2008 AIME I Problems/Problem 9


Ten identical crates each of dimensions $3$ ft $\times$ $4$ ft $\times$ $6$ ft. The first crate is placed flat on the floor. Each of the remaining nine crates is placed, in turn, flat on top of the previous crate, and the orientation of each crate is chosen at random. Let $\frac {m}{n}$ be the probability that the stack of crates is exactly $41$ ft tall, where $m$ and $n$ are relatively prime positive integers. Find $m$.


Only the heights matter, and each crate is either 3, 4, or 6 feet tall with equal probability. We have the following:

\begin{align*}3a + 4b + 6c &= 41\\ a + b + c &= 10\end{align*}

Subtracting 3 times the second from the first gives $b + 3c = 11$, or $(b,c) = (2,3),(5,2),(8,1),(11,0)$. The last doesn't work, obviously. This gives the three solutions $(a,b,c) = (5,2,3),(3,5,2),(1,8,1)$. In terms of choosing which goes where, the first two solutions are analogous.

For $(5,2,3),(3,5,2)$, we see that there are $2\cdot\dfrac{10!}{5!2!3!} = 10\cdot9\cdot8\cdot7$ ways to stack the crates. For $(1,8,1)$, there are $2\dbinom{10}{2} = 90$. Also, there are $3^{10}$ total ways to stack the crates to any height.

Thus, our probability is $\dfrac{10\cdot9\cdot8\cdot7 + 90}{3^{10}} = \dfrac{10\cdot8\cdot7 + 10}{3^{8}} = \dfrac{570}{3^8} = \dfrac{190}{3^{7}}$. Our answer is the numerator, $\boxed{190}$.

1 Min Solution

It would be helpful for this solution to be reformatted. To start with, let us observe the three numbers. Note that 3 and 6 are both divisible by 3, so the number of 4-crates must be congruent to 41 mod 3, which is also congruent to 2 mod 3. Our solutions for the number of 4-crates will repeat mod 3, so if x is a solution, so is x+3. By inspection, we have that 2 is solution, and so are 5 and 8. Each solution splits into its own case.We must solve the equation 41-4*(z)=6x+3y, simultaneously with x+y=10-z. Note that we already know the possible values of z. Solving these(it's AIME 9, you should be able to do this and if anyone feels like they want to write a rundown of this please go ahead), we get the solution sets {8,1,1},{5,2,3},and {2,3,5}. We can count the number of possible arrangements for each solution by taking 10 choose z and then multiplying by 10-z choose x(the solution sets, for the sake of consistency, are in the form z,x,y). Summing the results for all the solutions gives us 5130. Finally, to calculate the probability we must determine our denominator. Since we have 3 ways to arrange each block, our denominator is 3^10. 5130/3^10=190/3^7. The answer is m= 190.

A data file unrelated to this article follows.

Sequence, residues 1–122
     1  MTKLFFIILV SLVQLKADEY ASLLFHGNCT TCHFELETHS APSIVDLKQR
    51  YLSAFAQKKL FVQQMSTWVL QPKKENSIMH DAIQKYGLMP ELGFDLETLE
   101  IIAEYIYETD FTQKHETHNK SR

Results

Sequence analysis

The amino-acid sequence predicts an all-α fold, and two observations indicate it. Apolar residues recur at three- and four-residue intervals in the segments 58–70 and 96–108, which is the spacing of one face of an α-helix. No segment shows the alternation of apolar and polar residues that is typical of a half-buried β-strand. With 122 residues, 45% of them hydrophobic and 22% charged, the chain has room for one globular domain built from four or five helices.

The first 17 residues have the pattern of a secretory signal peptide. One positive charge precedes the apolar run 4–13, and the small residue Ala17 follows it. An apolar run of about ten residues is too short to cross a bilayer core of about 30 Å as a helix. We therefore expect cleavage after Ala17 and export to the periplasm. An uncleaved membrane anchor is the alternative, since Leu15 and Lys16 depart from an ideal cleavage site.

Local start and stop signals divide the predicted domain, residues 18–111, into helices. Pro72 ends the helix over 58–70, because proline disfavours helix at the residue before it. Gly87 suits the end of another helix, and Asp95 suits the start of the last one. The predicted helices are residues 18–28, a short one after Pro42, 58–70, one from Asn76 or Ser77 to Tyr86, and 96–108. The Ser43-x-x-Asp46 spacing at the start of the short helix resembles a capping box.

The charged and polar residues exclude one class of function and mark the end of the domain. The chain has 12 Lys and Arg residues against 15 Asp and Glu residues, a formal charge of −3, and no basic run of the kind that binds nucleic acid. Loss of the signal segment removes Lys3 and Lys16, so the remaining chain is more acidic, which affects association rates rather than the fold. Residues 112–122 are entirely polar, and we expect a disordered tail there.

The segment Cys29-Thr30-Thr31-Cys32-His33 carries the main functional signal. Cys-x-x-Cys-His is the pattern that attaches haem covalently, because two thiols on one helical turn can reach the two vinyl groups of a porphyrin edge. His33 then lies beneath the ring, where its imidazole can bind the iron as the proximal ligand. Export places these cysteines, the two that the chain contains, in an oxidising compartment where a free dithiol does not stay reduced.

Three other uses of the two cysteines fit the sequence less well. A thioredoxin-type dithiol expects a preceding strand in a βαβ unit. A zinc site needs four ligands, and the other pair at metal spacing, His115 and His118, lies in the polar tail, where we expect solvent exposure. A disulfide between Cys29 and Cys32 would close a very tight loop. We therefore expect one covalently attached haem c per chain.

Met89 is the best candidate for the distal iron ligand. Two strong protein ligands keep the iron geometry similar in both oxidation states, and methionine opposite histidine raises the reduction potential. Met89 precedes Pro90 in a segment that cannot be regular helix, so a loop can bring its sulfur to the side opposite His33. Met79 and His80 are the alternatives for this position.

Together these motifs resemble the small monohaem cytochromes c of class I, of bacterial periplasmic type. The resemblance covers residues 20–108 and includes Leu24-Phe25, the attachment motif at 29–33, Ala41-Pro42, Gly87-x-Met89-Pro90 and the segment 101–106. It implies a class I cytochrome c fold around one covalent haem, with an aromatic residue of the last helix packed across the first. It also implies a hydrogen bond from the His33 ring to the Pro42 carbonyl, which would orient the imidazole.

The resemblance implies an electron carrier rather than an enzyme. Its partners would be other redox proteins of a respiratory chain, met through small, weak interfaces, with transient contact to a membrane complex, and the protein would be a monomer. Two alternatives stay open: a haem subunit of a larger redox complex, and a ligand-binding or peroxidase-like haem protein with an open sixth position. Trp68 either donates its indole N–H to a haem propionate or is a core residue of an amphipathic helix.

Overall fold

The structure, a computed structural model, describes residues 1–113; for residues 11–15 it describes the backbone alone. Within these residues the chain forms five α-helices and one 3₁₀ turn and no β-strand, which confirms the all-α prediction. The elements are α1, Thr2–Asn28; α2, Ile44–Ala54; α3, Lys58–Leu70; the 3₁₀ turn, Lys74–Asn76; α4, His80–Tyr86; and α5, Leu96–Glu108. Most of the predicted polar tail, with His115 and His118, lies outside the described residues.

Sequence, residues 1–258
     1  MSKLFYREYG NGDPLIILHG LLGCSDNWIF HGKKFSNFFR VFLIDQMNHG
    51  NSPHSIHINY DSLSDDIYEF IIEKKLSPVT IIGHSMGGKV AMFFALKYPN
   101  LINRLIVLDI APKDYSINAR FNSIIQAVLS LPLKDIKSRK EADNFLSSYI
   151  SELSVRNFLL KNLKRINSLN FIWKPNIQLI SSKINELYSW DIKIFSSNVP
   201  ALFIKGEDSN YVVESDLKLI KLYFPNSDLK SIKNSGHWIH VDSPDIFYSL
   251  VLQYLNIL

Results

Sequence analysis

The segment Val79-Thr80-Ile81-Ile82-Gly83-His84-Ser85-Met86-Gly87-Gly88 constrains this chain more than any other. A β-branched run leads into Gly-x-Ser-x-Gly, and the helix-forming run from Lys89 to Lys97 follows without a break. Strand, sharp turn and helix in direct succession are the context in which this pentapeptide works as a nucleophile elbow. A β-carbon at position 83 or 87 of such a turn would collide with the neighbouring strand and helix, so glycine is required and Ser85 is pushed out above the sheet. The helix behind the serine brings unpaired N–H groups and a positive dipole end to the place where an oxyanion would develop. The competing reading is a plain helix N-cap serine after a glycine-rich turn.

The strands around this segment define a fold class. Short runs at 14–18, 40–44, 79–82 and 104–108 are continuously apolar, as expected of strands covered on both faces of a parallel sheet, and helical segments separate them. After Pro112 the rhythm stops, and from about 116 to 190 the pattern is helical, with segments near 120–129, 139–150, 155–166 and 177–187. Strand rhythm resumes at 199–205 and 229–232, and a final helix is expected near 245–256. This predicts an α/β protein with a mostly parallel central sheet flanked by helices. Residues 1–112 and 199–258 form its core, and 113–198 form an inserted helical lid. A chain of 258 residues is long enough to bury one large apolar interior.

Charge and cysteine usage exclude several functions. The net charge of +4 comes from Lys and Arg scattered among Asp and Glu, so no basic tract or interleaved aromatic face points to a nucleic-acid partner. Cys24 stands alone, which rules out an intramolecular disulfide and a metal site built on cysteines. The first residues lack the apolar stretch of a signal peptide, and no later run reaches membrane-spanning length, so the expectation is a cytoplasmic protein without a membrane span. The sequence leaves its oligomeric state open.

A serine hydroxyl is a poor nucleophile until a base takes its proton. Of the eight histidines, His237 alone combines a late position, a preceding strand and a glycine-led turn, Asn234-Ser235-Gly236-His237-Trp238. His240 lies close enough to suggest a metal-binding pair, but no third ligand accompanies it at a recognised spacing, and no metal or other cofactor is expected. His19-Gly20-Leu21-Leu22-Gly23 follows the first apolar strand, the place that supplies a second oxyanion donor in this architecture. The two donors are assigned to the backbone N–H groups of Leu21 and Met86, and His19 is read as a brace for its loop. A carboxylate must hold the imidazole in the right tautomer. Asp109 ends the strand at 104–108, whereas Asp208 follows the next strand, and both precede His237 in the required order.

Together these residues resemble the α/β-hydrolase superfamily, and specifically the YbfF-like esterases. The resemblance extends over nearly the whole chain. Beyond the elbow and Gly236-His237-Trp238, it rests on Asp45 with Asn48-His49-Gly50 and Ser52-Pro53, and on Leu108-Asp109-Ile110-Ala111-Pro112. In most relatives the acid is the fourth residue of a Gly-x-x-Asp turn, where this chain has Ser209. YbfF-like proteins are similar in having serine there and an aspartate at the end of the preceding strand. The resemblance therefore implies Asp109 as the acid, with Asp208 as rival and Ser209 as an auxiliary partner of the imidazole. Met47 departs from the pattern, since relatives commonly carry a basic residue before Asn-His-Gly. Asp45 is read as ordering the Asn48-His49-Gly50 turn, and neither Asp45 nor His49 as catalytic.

Solution 2 (a more direct approach)

Let's make two observations. We are trying to find the number of ways we can add 3,4, and 6 to get 41, and the total number of (non-distinct) sums possible is 3^10. Then we just use casework to easily and directly solve for the number of ways to get 41. To begin, the minimum sum is produced with 10 threes, so WLOG we can solve for the number of ways to get 11 with 0, 1, and 3.

Case 1: 0 zeroes, 0 threes, 11 ones Impossible, because there are only ten available spots.

Case 2: 1 zero, 1 three, 8 ones This is just 10! over 8!, so there are 90 possibilities.

Case 3: 3 zeroes, 2 threes, 5 ones This is just 10! over 3!, 2!, and 5! This gives 2520 possibilities.

Case 4: 5 zeroes, 3 threes, and 2 ones. This is the same as case 3, so also 2520 possibilities.


5130 has three powers of 3, so 5130 divided by 27 is $\boxed{190}$.


Video Solution (Very fast)



See also

2008 AIME I (ProblemsAnswer KeyResources)
Preceded by
Problem 8
Followed by
Problem 10
1 2 3 4 5 6 7 8 9 10 11 12 13 14 15
All AIME Problems and Solutions

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